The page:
The purpose of a Restraint Order is to prevent the dissipation/concealment of assets and preserve them for prospective confiscation proceedings (in anticipation of a confiscation order being made after conviction).
A Restraint Order can now been obtained by the Prosecution pre-charge and even pre-arrest - providing an investigation is underway. The applications are made without notice as if a defendant was warned that an order was about to be made he/she may attempt to frustrate the process by concealing/moving their assets.
A defendant can apply for a Restraint Order to be discharged or varied, albeit that a Restraint Order will normally have a provision for a living allowance.
As with a freezing injunction (Mareva Order), receipt of a Restraint Order is often the first warning a defendant will have the he/she is about to be the subject of substantive proceedings.
A Restraint Order should not be confused with a "Restraining Order" which seeks to restrain an individuals (for example in the context of harassment proceedings) rather than assets.
In a criminal case, a retrial may take place in the following instances:-
- The failure of a jury to agree upon a verdict (a "hung jury")
- The failure of magistrates to agree upon a verdict
- When ordered by the Court of Appeal (normally after a conviction being quashed)
- After a "tainted acquittal" (e.g. where there has been jury tampering)
- After an irregularity in the original trial that resulted in the jury being discharged (a "mis-trial")
- In very limited circumstances, after an acquittal (only for certain serious offences when compelling new evidence comes to light)
Cases involving significant public interest factors in favour of prosecution are more likely to warrant a re-trial. Any application for a retrial will normally be made by the prosecution.
There is a presumption that the prosecution will seek a re-trial where a jury fails to agree on a verdict at the first trial. Where two juries fail to reach a verdict, the presumption is that the prosecution will not seek a third trial unless there are exceptional circumstances (normally evidence of jury tampering or fresh evidence).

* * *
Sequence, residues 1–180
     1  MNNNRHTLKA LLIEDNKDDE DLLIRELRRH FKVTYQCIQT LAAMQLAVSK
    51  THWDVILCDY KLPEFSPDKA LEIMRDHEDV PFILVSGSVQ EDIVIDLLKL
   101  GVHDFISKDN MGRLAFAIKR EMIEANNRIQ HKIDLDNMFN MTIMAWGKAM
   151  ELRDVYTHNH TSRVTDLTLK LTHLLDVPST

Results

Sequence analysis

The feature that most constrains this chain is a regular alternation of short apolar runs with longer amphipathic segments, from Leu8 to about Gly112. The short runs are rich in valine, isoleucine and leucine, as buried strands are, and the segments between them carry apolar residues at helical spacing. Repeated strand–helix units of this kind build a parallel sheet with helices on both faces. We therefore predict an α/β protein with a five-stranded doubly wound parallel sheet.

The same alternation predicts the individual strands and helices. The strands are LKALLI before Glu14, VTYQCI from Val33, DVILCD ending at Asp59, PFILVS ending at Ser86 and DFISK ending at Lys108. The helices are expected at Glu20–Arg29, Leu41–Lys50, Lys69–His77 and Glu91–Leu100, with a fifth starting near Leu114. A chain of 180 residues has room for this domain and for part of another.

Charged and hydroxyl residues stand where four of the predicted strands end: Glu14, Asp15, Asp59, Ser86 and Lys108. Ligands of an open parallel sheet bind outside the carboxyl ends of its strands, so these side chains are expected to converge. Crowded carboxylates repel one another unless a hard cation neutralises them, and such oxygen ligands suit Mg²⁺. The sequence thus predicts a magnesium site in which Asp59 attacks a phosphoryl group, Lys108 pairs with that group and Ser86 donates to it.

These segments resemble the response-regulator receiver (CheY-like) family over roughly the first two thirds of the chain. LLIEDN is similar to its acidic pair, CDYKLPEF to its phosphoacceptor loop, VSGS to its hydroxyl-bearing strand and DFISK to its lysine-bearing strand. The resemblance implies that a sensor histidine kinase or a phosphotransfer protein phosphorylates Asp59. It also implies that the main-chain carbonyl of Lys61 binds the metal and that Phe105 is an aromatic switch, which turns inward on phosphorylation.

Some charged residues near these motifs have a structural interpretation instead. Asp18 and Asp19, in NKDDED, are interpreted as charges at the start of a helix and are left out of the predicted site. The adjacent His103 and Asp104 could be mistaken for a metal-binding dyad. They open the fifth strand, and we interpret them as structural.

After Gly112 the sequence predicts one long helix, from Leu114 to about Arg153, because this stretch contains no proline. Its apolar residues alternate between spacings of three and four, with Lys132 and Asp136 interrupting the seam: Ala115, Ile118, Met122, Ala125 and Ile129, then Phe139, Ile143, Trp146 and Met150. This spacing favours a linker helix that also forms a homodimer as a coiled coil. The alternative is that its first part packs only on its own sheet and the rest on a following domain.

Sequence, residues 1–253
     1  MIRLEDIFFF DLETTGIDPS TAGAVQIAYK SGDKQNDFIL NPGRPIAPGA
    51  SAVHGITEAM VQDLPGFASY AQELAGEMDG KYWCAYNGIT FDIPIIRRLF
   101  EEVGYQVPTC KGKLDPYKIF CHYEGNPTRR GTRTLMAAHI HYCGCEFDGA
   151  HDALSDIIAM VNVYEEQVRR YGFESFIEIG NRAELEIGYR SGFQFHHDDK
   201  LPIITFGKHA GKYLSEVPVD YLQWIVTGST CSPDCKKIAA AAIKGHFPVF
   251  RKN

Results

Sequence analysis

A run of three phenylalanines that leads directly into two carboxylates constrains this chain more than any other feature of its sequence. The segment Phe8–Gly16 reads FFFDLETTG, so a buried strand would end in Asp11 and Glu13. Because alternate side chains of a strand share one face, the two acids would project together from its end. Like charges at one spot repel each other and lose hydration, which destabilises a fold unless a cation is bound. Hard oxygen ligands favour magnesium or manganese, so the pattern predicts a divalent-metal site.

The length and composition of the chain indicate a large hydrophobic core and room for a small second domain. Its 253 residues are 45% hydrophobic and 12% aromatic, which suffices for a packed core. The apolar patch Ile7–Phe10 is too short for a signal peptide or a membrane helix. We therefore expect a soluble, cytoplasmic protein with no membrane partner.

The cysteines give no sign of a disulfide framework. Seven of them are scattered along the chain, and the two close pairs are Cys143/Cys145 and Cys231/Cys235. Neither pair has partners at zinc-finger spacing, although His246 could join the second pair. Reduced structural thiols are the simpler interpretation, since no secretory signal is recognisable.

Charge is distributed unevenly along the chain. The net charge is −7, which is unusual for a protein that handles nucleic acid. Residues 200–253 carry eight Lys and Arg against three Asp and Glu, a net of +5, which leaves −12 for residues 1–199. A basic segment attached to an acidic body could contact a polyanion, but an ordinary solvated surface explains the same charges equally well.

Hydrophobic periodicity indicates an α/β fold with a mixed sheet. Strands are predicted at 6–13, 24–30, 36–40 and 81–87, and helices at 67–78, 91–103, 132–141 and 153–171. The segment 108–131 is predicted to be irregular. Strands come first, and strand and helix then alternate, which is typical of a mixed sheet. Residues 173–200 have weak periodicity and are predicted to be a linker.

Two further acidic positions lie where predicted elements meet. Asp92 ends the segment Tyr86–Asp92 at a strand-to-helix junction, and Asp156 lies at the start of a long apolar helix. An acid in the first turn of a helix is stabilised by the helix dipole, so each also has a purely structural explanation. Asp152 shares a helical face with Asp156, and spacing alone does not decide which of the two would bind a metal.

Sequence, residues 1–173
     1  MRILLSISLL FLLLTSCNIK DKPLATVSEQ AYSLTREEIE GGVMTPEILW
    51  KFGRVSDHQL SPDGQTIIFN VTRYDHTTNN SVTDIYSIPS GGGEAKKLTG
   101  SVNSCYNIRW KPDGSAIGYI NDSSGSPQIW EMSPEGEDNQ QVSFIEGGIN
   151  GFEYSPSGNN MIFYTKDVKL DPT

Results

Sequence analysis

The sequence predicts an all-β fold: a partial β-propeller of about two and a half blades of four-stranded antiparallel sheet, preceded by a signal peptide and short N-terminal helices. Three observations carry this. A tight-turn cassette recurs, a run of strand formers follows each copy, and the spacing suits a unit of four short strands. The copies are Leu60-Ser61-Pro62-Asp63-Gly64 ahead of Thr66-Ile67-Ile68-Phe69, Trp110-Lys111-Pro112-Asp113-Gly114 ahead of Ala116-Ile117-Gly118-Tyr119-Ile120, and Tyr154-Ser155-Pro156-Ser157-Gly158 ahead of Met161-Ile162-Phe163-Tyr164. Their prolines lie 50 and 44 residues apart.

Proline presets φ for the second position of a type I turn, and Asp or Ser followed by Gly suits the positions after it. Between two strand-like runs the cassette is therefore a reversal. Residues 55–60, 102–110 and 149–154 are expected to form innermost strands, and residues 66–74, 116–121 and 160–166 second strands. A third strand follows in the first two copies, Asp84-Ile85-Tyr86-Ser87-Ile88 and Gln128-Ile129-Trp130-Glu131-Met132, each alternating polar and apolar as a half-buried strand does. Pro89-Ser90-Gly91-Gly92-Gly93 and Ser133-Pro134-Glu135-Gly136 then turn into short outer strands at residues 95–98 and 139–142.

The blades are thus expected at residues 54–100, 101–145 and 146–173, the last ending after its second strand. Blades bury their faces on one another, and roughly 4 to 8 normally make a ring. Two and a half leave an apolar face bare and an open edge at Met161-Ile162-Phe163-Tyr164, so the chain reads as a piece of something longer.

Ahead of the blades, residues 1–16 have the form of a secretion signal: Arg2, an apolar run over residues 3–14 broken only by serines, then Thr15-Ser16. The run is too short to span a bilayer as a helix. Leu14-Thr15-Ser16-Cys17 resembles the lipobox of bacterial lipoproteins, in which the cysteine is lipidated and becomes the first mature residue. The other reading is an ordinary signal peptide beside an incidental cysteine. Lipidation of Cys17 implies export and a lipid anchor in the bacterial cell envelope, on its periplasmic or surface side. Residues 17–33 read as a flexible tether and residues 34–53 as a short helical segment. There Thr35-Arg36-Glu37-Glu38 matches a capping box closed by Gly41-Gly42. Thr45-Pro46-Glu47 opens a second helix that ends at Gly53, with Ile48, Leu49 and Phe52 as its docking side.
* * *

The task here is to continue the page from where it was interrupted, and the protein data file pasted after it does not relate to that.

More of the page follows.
A right of audience is the right for a lawyer to appear in a court on behalf of a party to the proceedings.
Generally, solicitors and barristers have rights of audience to appear before magistrates' courts and county courts, whereas only barristers can appear before higher courts (such as a crown court, High Court, Court of Appeal and Supreme Court). However, some solicitors (solicitor-advocates/higher court advocates) also have rights of audience in the higher courts.
The right to silence refers to the principle that a defendant in a criminal trial may choose whether or not to give evidence in the proceedings. Further, there is no general duty to assist the police with their inquiries.
The burden of proof is on the prosecution and it is not sufficient to bring a prosecution with no evidence and simply say the defendant is guilty as a result of not explaining himself/herself during a police interview.
The principle of the right to silence has been eroded considerably in recent years. A defendant who fails to offer an explanation when given the opportunity during a police interview may find that this is raised at trial and that the jury, district judge or magistrates is asked to draw an adverse inference from their silence.
Certain financial and regulatory investigatory bodies (e.g. the Serious Fraud Office, Serious Organised Crime Agency or the Financial Services Authority) have the power to require a person to answer questions. However, if a person is compelled in such a way, the prosecution cannot adduce such evidence in a trial against that individual.
Robbery is the offence of theft accompanied with violence or the threat of violence.
Robbery is indictable-only.
The Royal Courts of Justice is located on the Strand in Central London. It houses both the Court of Appeal and High Court.